For those traders who are particularly partial to the Tick Density indicator, I also include a breakdown of which specific pairs had tick density signals during the prior week. Occasionally, there aren’t any at all, but there are usually at least a couple of pairs that flash signals each week. Sometimes there are quite a few. During the week ended 7/1/2017, there was only one tick density signal; a moderately bullish signal on NZD/USD as shown below.
For fundamental analysis purists, the CapTraderPro dashboard also includes a chart showing the current “Pure Fundamental Pick.” This is the pair formed by taking the most bullish and most bearish currencies based on the BPRP indicator. For the week ended 7/1/2017, this was a short EUR/JPY position as shown in the chart below. The green plot is the price of the pair, and the red plot is the value of the BPRP indicator. This chart shows how responsive the pair has been to the BPRP indicator in the past. In this case, the correlation is pretty good. The BPRP tends to peak when the price is near a low and vice versa. Not all pairs are so well behaved though, so use caution!
Finally, the dashboard includes a recap of my trading activity for the past week. This is organized by currency pair and broken down daily as shown below.
Green or red backgrounds indicate an open long or short position in the pair. PO and PC stand for “pending open” and “pending close,” while the color of the text indicates the direction of the pending trade. For instance, I was holding a short position in NZD/CAD, but was planning to close it (by buying the pair, thus the green text).
Open positions show the open profit or loss as a percentage of the account balance in the Friday block. So there’s an open 16.18% loss on that short EUR/JPY position (more on why my stops are so wide in the “Trading tactics” section below). Happily, there’s also an open 16.84% profit on that short NZD/CAD position that’s pending closure. When I exit a position during the week, the background changes back to gray, and I post the closed profit or loss on the closing day. So that short GBP/AUD trade closed on Tuesday for a profit of 2.50% of the account balance.
Let’s look at a step by step description of how I use the information on the dashboard to make my trading decisions each week. I’ll go through an actual example using the dashboard from the week ended 7/1/2017, so you can refer back to the excerpts shown above.
1. I use the currency ranking based on the average rankings from the individual indicators. That’s the one in the rightmost column in the first illustration above. So on Saturday, 7/1/2017, I would have been most bullish on JPY, then USD. I would have been most bearish on EUR, then GBP, then CAD, and so forth.
2. One of my risk management principles is not to be overly exposed to any single currency, so I try not to hold the same currency in more than one position. With only eight major currencies, I’m limited to a maximum of four pairs at any given time. The only exception is when I’m planning to exit an existing position with a trailing stop. While I’m waiting for the stop to hit, I may enter a position in another pair which includes one of the same currencies. In that case I may be temporarily holding the same currency in two positions at the same time.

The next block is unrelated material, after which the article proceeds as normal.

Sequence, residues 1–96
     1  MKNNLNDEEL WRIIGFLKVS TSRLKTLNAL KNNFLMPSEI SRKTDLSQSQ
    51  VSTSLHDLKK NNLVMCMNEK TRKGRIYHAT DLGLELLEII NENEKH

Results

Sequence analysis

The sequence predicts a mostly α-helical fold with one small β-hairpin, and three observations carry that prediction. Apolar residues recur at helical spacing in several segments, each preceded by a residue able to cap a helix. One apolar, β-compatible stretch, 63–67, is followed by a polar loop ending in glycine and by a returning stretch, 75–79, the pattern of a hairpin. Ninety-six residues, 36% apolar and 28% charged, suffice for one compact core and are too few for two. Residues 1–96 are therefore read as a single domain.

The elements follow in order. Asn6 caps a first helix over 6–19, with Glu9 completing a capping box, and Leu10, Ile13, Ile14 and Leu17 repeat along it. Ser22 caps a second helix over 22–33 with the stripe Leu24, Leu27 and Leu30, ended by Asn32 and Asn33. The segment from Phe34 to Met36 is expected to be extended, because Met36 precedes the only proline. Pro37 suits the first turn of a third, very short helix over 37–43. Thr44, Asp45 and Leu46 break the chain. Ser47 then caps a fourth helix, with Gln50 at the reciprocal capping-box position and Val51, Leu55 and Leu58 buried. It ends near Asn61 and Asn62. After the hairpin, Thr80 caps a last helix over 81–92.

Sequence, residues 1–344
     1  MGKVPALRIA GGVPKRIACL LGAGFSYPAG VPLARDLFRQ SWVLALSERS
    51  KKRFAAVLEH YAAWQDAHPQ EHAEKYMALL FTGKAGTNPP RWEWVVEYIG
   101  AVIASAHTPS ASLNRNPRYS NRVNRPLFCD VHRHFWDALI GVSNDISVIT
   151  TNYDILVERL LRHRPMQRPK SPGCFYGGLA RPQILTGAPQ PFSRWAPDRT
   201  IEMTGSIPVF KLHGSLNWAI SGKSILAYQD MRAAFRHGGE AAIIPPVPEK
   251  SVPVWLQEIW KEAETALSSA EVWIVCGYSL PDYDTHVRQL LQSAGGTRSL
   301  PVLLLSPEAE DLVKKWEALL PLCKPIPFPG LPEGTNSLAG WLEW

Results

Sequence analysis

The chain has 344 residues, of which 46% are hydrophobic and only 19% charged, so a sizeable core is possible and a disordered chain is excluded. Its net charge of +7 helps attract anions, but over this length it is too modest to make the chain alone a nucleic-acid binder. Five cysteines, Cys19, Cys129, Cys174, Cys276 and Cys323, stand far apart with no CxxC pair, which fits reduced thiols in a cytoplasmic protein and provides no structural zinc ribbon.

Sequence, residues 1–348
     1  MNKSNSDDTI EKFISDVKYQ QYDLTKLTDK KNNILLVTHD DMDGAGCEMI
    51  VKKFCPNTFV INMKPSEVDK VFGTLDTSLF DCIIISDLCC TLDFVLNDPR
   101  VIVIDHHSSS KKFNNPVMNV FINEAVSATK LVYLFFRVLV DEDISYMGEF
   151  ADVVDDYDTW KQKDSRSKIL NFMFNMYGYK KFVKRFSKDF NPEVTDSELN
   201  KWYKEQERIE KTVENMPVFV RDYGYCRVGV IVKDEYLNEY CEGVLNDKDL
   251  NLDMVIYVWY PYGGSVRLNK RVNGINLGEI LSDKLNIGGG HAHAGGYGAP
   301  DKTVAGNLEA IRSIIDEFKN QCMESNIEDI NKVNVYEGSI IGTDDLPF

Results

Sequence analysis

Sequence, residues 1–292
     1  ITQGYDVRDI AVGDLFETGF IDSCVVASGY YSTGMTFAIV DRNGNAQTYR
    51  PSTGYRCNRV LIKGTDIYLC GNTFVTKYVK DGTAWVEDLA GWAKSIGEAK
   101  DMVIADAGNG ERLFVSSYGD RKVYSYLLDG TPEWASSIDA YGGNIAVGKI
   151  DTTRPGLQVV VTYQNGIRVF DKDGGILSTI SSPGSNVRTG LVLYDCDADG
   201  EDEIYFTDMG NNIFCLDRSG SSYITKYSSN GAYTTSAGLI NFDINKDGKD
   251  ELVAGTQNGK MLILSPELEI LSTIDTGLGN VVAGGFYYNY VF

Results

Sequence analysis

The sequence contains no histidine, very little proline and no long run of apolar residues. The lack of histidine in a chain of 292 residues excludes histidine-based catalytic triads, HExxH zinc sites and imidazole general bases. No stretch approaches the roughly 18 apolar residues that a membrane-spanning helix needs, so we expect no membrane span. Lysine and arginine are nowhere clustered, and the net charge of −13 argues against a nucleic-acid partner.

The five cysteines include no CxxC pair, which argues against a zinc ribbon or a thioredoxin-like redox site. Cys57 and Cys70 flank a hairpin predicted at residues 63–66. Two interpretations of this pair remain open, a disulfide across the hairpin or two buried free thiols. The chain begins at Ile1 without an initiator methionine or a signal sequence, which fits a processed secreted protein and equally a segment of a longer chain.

3. The first thing I do is review my open positions to see if my directional outlook has changed. If so, I mark that position as a pending closure. In this case, I had two short positions; one in EUR/JPY and one in NZD/CAD. Based on my average currency rankings in the top illustration, I still wanted to be short EUR/JPY. However, notice that NZD is now more bullish than CAD in the average rankings. This meant that my bearish outlook on NZD/CAD is no longer valid, and I should be looking to get out of that short position. That’s why it’s marked as a pending close. In practice, I don’t just close the position at market. I move the stop loss closer to the price and trail it aggressively until it gets hit. More on that in the “Trading tactics” section below.
4. Once I figure out which of my positions I’m planning to close, and which I’m planning to keep, I know which currencies are “covered” in my account. In other words, any currencies in positions that I’m planning to keep are off limits to new trades, because I’ve already got a position in them. In this case, I’m keeping my short EUR/JPY position, so EUR and JPY are covered.
5. Now it’s time to choose my new entries. I start by looking for the most bullish and most bearish currencies that aren’t yet covered in the account. EUR and JPY are covered, so I ignore those; I already have my position in those two. So the next most bullish currency is USD, while the next most bearish is GBP. Thus, I want a new short position in GBP/USD. The next most bullish is AUD and the next most bearish is CAD, so I also want to be long AUD/CAD. Notice that I’ve got a position currently in NZD/CAD, but that it’s marked for pending closure. This is one of those exceptions that I described above. If my long AUD/CAD trade fills before I’m out of the NZD/CAD trade, I’ll have two positions involving CAD, but that’s OK. Finally I want to be long NZD/CHF, which is another example of the excpetion. Note that these are the three pending opens shown on the trading activity illustration for 7/1/2017.
So this is how I use the information in the dashboard to choose my pending entries and exits each week. In the next section we’ll look at the actual techniques I use to enter and exit trades, how I determine position sizing, and how I scale into winning trades.
First, read this post on Money Management.
Coming soon…risk management and trade management.
This section is currently a work in progress. I’ll be covering the various topics in detail in the blog, and then providing links to those posts here. Stay tuned, and…keep pipping up!